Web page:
Dana Baiocco, federal safety commissioner
In late September, two Republican members of the commission that oversees the safety of the nation’s consumer products voted to eliminate items from the agency’s annual plan that would have developed new mandatory rules for preventing suffocation in infant cushions.
A rule on carbon monoxide poisoning from gas appliances and a pilot project to look at the safety of online products also were scratched.
The anti-consumer action was possible because appointments to the five-member Consumer Product Safety Commission, the agency that protects the public from injury or death from thousands consumer products, are being held up in Congress.
Of about 4,000 top political appointments in the executive branch and independent agencies, about 1,200 require Senate confirmation as part of its “advice and consent” responsibilities under the U.S. Constitution.
The president nominates candidates then the nomination needs to pass through several steps, a referral to at least one Senate committee, a committee hearing, and a vote on the Senate floor.
President Joe Biden has selected 409 nominees to fill key positions; 239 are being considered by the Senate and 166 have been confirmed, according to the Partnership for Public Service, an organization that works for better government.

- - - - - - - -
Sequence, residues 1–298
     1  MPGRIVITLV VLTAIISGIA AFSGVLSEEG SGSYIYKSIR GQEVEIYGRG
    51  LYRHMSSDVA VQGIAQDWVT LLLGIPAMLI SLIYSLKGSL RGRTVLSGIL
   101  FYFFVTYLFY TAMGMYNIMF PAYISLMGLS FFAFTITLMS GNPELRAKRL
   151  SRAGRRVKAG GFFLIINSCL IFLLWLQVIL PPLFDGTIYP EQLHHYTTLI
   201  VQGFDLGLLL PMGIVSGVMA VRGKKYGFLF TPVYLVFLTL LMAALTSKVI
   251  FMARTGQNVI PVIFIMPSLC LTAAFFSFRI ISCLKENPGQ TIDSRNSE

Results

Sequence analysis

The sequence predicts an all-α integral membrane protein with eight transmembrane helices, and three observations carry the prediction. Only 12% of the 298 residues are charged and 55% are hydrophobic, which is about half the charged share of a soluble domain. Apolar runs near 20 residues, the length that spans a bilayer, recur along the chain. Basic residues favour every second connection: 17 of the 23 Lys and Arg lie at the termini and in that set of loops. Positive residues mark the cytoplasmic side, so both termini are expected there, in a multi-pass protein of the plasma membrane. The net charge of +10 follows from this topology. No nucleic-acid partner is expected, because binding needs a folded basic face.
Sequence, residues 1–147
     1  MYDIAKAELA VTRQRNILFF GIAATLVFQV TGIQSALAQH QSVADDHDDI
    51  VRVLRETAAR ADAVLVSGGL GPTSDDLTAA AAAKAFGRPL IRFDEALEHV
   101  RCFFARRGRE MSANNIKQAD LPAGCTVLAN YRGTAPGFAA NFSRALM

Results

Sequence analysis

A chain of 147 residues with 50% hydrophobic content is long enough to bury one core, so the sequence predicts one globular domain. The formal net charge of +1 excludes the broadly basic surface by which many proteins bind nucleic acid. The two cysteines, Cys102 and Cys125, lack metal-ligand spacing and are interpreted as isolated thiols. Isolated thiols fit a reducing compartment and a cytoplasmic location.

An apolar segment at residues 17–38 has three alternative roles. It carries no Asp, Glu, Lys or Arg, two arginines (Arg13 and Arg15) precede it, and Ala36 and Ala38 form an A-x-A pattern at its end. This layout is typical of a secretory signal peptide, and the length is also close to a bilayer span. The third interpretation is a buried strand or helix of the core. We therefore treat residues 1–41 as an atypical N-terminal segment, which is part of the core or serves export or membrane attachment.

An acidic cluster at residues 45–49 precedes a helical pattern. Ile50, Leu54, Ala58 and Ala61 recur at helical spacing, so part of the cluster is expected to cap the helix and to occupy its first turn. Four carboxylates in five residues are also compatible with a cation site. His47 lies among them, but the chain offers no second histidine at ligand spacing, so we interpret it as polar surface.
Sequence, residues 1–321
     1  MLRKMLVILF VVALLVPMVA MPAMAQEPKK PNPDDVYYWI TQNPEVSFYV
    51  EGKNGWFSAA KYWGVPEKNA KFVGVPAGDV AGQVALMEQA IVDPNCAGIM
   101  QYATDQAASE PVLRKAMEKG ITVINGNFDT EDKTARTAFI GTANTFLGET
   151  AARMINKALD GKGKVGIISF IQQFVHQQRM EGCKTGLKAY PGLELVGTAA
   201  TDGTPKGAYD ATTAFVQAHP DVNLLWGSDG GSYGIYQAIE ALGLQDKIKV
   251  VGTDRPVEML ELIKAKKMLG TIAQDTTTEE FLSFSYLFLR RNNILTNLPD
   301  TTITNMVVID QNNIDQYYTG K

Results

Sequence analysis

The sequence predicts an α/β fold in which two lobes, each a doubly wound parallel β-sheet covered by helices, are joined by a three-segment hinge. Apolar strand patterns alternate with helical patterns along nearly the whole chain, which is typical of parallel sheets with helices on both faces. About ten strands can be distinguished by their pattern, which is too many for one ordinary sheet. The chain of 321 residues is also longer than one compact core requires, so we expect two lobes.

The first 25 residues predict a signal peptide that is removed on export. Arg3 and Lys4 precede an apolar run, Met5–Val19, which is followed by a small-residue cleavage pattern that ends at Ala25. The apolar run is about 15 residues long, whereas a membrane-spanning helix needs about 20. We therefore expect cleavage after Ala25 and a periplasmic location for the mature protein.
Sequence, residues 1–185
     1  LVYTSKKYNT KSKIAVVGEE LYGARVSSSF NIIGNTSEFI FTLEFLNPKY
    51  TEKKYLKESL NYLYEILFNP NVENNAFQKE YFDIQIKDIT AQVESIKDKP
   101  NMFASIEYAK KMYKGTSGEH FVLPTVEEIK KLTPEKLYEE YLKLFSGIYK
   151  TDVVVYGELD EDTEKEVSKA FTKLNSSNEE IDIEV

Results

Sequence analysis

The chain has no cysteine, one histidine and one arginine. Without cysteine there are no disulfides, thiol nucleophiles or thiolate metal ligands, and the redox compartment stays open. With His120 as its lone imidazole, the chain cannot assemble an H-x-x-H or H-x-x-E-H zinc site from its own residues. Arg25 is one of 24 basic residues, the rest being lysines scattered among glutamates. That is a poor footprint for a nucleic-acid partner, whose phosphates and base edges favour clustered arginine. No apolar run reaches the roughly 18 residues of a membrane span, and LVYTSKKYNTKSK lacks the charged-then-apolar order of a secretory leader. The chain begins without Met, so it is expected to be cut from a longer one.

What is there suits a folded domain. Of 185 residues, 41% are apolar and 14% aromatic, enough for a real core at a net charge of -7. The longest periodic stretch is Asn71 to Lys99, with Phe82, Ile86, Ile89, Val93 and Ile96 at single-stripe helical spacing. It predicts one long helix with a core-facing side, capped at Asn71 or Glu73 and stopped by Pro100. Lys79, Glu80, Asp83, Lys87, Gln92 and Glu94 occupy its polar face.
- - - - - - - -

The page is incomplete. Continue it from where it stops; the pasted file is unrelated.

Two Democratic nominations to the commission are being held up, which means they weren’t serving on the commission in late September, allowing the two Republican members to drastically amend the agency’s annual plan, according to an article in The Washington Post.
One of the two Republican who blocked the important actions of the commission, Dana Baiocco, was appointed by former President Donald Trump. Before serving on the commission, Baiocco was a partner at Jones Day, a law firm that has worked for many Republican candidates including Trump and his affiliated organizations.
During Baiocco’s confirmation hearings, parents and consumer advocates pointed out that she represented clients the commission regulates such as ATV maker Yamaha, according an article on the website The Intercept. Baiocco also defended R.J. Reynolds Tobacco Co., Volkswagen AG, chemical manufacturer Daikin Industries, and Honeywell Safety Products in a World Trade Center lawsuit, the article said.
Peter Feldman, the other Republican commission member who amended the commission’s annual plan, worked for Republican members of Congress.
On Oct. 7, President Biden’s appointment of Alexander Hoehn-Saric as chair of the commission was approved by the Senate.
Now the balance of the commission is two Democrats and two Republicans, a tie until Congress appoints the fifth member.
Senators can hold up these appointments, even just one senator, for any reason. An example is Sen. Ted Cruz, R-Tex., who said he’s blocking several Biden nominations for the State Department, according to an article in The Washington Post.